Revista chilena de historia natural
versión impresa ISSN 0716-078X
Rev. chil. hist. nat. v.80 n.4 Santiago 2007
Revista Chilena de Historia Natural 80:431-437,2007
Trophic niche overlap between two Chilean endemic species of Trichomycterus (Teleostei: Siluriformes)
Sobreposición de nicho alimentario de dos especies endémicas chilenas de Trichomycterus (Teleostei: Siluriformes)
SERGIO SCOTT*, RODRIGO PARDO & IRMA VILA
Laboratorio de Limnología, Facultad de Ciencias, Universidad de Chile, Las Palmeras 3425, Santiago, Chile; *e-mail for correspondence: email@example.com
Trichomycterus areolatus and Trichomycterus chiltoni are endemic siluriform fishes of Chile. They are the only Chilean species of this genus that live in sympatry and coexist in the Biobio basin. High trophic niche overlap between both species was found. Horn's index varied from 0.668 to 0.885 among seasons, without significant differences, and Schoener's index varied from 0.639 to 0.912. Also the discriminant analysis showed no significant differences in prey item between the two species. Trophic composition of T. chiltoni and T. areolatus consisted mainly in chironomid larvae and other aquatic invertebrates. At all seasons T. chiltoni showed the greatest prey richness. Principal component analysis (PCA) showed a high similarity between diets of T. areolatus and T. chiltoni. These diet scores were significantly related with body size in T. chiltoni whereas T. areolatus showed a significant relationship with seasons. This may indicate a generalist strategy in T. areolatus by varying its diet in function of available prey items in each season, whereas T. chiltoni would be specialized in relation to individual size and intraspecific habitat partitioning.
Key words: diet, sympatry, Trichomycterus areolatus, Trichomycterus chiltoni.
Trichomycterus areolatus y Trichomycterus chiltoni son peces Siluriformes endémicos de Chile, siendo las únicas especies chilenas conocidas de este género que coexisten en simpatría. Se encontró alta sobreposición de nicho trófico entre estas dos especies. El índice de Horn varió de 0,668 a 0,885 entre estaciones, sin diferencias significativas, y el índice de Schoener varió de 0,639 a 0,912. Además el análisis discriminante no mostró diferencias significativas en las presas entre las dos especies. La composición de la dieta de T. chiltoni y T. areolatus consistió principalmente en larvas de chironómidos y otros invertebrados acuáticos. En todas las estaciones estudiadas T. chiltoni mostró una riqueza de presas mayor. El análisis de componentes principales (PCA) mostró una gran similitud entre las dietas de T. areolatus y T. chiltoni. Estos resultados se relacionaron significativamente con las medidas de tamaño corporal en T. chiltoni mientras que T. areolatus mostró una relación significativa con las estaciones. Esto podría indicar una estrategia generalista en T. areolatus, variando su dieta en función de las presas disponibles en cada estación, mientras que T. chiltoni estaría especializado en función del tamaño individual.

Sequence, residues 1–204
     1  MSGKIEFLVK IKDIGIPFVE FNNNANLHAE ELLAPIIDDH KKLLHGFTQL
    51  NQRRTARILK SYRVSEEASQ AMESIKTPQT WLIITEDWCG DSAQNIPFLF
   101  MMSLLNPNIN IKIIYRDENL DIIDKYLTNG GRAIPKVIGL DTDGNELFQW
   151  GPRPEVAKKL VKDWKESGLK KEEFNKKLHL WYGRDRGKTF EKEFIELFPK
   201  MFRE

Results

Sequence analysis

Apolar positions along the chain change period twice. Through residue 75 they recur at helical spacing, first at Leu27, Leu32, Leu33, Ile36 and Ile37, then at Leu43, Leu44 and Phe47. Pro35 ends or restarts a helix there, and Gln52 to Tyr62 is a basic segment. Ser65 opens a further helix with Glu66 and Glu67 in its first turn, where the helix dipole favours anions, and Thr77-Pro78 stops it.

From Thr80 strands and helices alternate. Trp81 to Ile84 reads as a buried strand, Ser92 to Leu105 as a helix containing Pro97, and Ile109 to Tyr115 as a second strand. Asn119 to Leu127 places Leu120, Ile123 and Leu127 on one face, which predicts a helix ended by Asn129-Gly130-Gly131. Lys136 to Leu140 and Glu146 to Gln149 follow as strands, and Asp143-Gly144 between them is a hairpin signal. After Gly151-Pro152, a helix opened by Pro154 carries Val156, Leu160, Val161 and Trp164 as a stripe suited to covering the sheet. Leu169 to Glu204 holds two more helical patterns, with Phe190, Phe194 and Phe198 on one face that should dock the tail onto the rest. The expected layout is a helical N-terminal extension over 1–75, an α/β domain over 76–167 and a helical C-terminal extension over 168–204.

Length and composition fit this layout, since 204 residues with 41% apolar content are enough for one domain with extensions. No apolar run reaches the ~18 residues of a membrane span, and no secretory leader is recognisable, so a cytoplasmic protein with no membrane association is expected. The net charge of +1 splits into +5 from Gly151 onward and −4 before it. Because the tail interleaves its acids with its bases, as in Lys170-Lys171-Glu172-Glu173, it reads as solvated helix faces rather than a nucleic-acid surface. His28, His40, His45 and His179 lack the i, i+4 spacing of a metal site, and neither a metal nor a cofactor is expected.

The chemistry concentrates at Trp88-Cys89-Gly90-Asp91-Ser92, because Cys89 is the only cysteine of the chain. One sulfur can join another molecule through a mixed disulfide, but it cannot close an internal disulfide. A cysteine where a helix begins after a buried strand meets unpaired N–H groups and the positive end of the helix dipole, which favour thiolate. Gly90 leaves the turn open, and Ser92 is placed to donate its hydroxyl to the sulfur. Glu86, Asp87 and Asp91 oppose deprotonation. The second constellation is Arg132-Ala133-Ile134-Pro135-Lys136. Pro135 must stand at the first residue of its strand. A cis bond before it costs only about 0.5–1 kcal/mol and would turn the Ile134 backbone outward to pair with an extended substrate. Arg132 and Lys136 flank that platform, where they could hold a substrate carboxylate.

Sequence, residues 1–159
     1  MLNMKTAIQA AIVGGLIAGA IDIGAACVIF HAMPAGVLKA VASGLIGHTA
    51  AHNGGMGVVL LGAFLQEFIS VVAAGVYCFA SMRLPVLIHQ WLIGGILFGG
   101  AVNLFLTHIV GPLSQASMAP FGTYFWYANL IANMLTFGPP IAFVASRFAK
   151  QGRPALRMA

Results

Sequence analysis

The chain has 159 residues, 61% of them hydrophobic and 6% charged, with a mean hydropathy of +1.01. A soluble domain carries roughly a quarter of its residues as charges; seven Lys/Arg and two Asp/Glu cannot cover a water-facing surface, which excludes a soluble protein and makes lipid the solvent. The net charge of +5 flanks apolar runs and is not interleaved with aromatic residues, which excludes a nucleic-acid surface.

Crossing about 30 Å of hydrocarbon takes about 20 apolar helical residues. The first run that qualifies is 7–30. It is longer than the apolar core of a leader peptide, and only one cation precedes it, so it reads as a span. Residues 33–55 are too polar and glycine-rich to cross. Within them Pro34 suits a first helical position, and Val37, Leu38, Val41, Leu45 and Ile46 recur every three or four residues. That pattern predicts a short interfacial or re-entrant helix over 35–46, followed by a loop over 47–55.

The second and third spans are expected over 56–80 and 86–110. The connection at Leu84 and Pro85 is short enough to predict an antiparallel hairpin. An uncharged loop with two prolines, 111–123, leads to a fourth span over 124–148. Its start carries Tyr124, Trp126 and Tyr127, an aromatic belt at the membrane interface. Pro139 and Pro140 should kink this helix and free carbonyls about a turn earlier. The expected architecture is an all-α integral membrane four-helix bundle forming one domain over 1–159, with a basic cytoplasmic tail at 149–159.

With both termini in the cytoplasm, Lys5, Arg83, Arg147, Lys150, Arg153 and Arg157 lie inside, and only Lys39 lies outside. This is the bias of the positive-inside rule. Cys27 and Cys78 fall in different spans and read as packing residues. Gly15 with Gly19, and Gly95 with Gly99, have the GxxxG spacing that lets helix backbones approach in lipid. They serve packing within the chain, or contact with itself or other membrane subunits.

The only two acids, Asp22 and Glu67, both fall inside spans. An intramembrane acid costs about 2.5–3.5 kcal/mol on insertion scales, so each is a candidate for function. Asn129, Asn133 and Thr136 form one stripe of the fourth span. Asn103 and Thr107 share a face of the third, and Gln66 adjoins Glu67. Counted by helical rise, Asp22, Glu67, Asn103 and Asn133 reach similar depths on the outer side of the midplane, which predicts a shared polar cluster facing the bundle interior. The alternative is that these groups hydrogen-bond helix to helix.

Palabras clave: dieta, simpatría, Trichomycterus areolatus, Trichomycterus chiltoni.
Early notions of ecological relations of closely related species indicate that these species cannot occupy the same habitat unless they differ in resource utilization (Dumas 1964). Most studies compare closely related taxa that occur in allopatry. Nevertheless in sympatry, the stabilizing forces that promote niche conservatism.
inhibiting niche shifts, may be countered by natural selection favouring ecological divergence to minimize the intensity of interspecific interactions (Losos et al. 2003). This agrees with the competitive exclusion principle that indicates that if two or more non-interbreeding populations compete for the same limited resources, then all but one of them will be driven to extinction (Hutchinson 1965). In this paper we examine trophic relationships of two congeneric freshwater fishes that inhabit the same basin.
In Chilean freshwater ecosystems sympatric coexistence of congeneric fishes is an unusual phenomenon (Vila et al. 1999, Dyer 2000, Vila & Pardo 2006), which may be explained in part by niche segregation through resource partitioning (i.e., diet, time and/or space, Schoener 1974). Habitat shift is a common mechanism for niche segregation in freshwater fishes (Werner & Hall 1977). However, niche partitioning may have an asymmetric effect among species, relegating the weakest competitor to marginal habitats (Nilson 1967, Werner & Hall 1976, 1977), where populations are more susceptible to local extinction (Zaret & Paine 1973).